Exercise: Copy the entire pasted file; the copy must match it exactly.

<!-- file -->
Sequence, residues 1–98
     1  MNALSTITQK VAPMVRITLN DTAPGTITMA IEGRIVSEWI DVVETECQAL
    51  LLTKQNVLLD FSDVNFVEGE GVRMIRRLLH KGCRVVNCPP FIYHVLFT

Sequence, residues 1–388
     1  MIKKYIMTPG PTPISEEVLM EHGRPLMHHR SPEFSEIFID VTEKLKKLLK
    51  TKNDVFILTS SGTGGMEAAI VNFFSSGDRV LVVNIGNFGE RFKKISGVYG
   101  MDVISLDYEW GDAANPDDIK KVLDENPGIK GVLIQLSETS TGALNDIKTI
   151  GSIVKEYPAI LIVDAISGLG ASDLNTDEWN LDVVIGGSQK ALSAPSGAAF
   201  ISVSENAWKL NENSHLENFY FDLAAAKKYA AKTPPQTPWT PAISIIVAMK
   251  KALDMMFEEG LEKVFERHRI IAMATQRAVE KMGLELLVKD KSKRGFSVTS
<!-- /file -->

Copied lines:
Sequence, residues 1–98
     1  MNALSTITQK VAPMVRITLN DTAPGTITMA IEGRIVSEWI DVVETECQAL
    51  LLTKQNVLLD FSDVNFVEGE GVRMIRRLLH KGCRVVNCPP FIYHVLFT

Sequence, residues 1–388
     1  MIKKYIMTPG PTPISEEVLM EHGRPLMHHR SPEFSEIFID VTEKLKKLLK
    51  TKNDVFILTS SGTGGMEAAI VNFFSSGDRV LVVNIGNFGE RFKKISGVYG
   101  MDVISLDYEW GDAANPDDIK KVLDENPGIK GVLIQLSETS TGALNDIKTI
   151  GSIVKEYPAI LIVDAISGLG ASDLNTDEWN LDVVIGGSQK ALSAPSGAAF
   201  ISVSENAWKL NENSHLENFY FDLAAAKKYA AKTPPQTPWT PAISIIVAMK
   251  KALDMMFEEG LEKVFERHRI IAMATQRAVE KMGLELLVKD KSKRGFSVTS